It’s monday of the week preceding Easter. Near Saint Lazarus church, several men and boys dressed in black tunics with white cloaks with a red symbol talk while preparing themselves for the procession. They are part of Hermandad de Jesús en su Tercera Caída, one of the brotherhoods that make up the Holy Week tradition in Zamora, a city from northern Spain, near the border with Portugal.
This is a tradition dating more than seven hundred years. The first records of the celebration of the Passion of Christ in Zamora date to 1279, even though the first brotherhood was only created in 1412. Since then these groups of men (initially) and women (more recently) have multiplied, until the creation of Cofradía Virgen de La Esperanza, the most recent one, in 2010.
The beginning of the procession approaches. Families and friends join together, to drink a few cups, and chat away, in café Nirvana, a meeting point on the other side of the street, with a name that reminds of religions other than Catholic.
Around 20:30 the pasos start leaving the church. Huge floats made of wood that illustrate episodes of the Passion of Christ, carried by the cargadores. Meanwhile, the two thousand members of the brotherhood have already put on their black caperuzes, the pointy conical hats that are so characteristic of the Easter celebrations in Spain.
Not all the brotherhoods and guilds use the same clothes. Most use tunics and caperuzes of different colors (depending on the brotherhood), but there are also some that just use Franciscan tunics, or Alistana capes (brown hooded woolen capes , with motifs embroidered in black, very similar to the traditional Capas de Honra in Portugal).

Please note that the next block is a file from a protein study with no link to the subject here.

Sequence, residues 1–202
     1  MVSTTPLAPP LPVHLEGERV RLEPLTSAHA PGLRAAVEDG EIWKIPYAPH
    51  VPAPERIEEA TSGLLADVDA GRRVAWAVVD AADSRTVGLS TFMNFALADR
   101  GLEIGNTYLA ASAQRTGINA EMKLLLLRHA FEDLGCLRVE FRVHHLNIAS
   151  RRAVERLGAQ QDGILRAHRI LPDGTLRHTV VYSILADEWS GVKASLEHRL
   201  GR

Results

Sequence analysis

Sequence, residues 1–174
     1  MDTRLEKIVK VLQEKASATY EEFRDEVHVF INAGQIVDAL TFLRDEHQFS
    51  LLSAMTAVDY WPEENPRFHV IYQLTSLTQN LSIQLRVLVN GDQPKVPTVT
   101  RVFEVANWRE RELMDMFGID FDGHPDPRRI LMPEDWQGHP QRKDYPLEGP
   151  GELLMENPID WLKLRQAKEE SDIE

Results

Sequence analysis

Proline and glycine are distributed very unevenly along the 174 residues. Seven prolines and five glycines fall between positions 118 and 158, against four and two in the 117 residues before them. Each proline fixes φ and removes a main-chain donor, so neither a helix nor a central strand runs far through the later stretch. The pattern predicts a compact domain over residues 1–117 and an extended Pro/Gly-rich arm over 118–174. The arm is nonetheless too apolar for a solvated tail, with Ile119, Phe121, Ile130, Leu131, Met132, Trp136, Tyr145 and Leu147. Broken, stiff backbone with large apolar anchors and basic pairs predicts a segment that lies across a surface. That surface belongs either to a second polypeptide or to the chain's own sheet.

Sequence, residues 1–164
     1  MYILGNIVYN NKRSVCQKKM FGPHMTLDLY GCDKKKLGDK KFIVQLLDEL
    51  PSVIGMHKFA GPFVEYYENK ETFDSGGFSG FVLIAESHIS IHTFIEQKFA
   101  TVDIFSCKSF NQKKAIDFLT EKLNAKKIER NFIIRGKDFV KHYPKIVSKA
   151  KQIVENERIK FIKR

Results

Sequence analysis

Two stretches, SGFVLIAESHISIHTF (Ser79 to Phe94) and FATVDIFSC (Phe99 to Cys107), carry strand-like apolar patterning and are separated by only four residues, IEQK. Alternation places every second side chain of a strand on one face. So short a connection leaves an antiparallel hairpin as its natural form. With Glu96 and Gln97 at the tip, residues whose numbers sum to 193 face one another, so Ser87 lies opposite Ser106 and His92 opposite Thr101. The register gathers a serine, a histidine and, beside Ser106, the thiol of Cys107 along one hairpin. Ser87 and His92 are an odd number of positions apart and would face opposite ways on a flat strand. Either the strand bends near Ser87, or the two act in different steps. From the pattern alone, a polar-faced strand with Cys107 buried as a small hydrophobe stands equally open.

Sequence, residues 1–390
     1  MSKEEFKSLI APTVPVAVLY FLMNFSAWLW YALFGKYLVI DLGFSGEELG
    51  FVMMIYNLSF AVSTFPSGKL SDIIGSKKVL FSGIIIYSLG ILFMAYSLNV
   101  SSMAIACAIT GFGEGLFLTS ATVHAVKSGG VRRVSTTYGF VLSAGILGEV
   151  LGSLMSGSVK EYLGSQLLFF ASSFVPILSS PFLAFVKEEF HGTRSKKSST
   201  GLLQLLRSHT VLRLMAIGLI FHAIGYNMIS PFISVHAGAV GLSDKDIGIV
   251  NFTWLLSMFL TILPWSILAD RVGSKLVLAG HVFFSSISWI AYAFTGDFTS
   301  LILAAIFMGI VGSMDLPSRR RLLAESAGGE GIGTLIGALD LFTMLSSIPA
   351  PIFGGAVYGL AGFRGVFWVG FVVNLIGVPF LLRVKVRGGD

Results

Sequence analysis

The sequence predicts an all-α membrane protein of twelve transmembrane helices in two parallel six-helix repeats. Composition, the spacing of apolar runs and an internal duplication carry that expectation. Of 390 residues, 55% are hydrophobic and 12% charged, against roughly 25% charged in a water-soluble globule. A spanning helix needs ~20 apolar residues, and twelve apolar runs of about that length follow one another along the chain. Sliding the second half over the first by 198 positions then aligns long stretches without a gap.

This is just the first procession of the day. During the night there will still be another one, from Hermandad Penitencial del Santísimo Cristo de la Buena Muerte. These night-time processions, that usually start around midnight, are the penitential processions. They are never cancelled regardless of the weather. Due to its nature, they are more silent. Street lamps go out and the only source of light comes from the candles carried by the penitents. Some of these have the responsibility to light the candles of their brothers, so it’s common to see wax dripping from their hands.
Celebrations begin in Passion Thursday (the thursday before the holy week), and continue through the following week until Easter Sunday. All the 18 groups have the opportunity to go in their own procession, each following their own route, through the medieval streets of the city, or through the bridge that crosses the Duero river (or Douro, in Portuguese). Some of these processions bring more than 5000 people together, some start at 5 o’clock in the morning, and can last for 5 or 6 hours.
Regardless of the brotherhood, the ritual is always the same. About an hour before the procession, groups of friends or entire families, children included, come together, all dressed-up to the occasion, in the cafes and restaurants. They eat, drink, talk and enjoy themselves. They then leave in the procession, to be seen by thousands of people. When the procession ends, they come together again in restaurants for a quick tapa, or go back to their homes in the case of night-time processions.
Catholic faith, that throughout History has been both the target and origin of several persecutions and polemic, is here used as a way to bring together people from all parts of Spain and the world, in a celebration of Joy.
List of Brotherhoods photographed for this article:
Hermandad de Jesús en su Tercera Caída
Hermandad Penitencial del Santísimo Cristo de la Buena Muerte
Cofradía de Jesús del Vía Crucis
Real Hermandad del Santísimo Cristo de las Injurias “Cofradía del Silencio”
Hermandad Penitencial del Santísimo Cristo del Amparo “Capas Pardas”
Cofradía Virgen de la Esperanza
Cofradía de la Santa Vera Cruz, Disciplina y Penitencia
Penitente Hermandad de Jesús Yacente
Cofradía de Jesús Nazareno
Real Cofradía del Santo Entierro
Cofradía de Nuestra Madre de las Angustias